NERA point out in their paper (link above) a good issue: In a procurement reverse auction the buyer would likely only buy from one (or perhaps two or three, but certainly not all) of the bidders in the auction. So the bidders have to compete against each other to push the price down. Under the Paulson plan, if the government is committing to buying all the securities from all the banks (until the money runs out) then what is the incentive for any bidder to place a low bid? They know that the government will bail them out. To avoid this the auction process could include a number of bidders but commit the Treasury to buying securities from a small number of the bidders, or to buy a fraction of the auctioned value, such that all bidders have an incentive to bid.

There is also the question of one-round or multiple-round bidding. The US Govt currently sells Treasury bonds with one round of bidding so I’m sure they will be tempted to use a similar design for the bailout. But given the uncertainty around the value of the assets in question now I would expect the transparency of multiple-round bidding will be better. Paul Klemperer has some great horror stories of single-round bidding events. Search for “Banespa” and “New Zealand” in the document. The Banespa case was a first-price sealed bid auction, the New Zealand case was a second-price sealed bid auction (Vickrey auction). Both led to great embarrassment.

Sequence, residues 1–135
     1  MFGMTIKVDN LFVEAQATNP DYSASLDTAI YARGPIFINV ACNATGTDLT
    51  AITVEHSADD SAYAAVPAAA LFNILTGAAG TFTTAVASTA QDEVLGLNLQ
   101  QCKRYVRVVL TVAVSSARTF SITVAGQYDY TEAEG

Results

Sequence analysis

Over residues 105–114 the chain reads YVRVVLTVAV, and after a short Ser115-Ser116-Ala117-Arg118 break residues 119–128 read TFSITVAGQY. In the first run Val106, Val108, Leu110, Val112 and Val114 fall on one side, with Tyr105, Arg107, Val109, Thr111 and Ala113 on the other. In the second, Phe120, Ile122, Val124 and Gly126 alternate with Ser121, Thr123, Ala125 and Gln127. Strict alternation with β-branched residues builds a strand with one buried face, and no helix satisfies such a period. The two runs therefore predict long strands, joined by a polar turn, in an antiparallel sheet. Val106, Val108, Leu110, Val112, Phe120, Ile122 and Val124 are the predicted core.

So could an auction work in this US bailout? It’s certainly well known across government and private sectors that auctions are the best way to ascertain a market price when the true market price is not known. I have seen some very successful reverse auctions for pension funds, for example. So perhaps using reverse auctions for mortgage-backed assets is not such a crazy idea after all.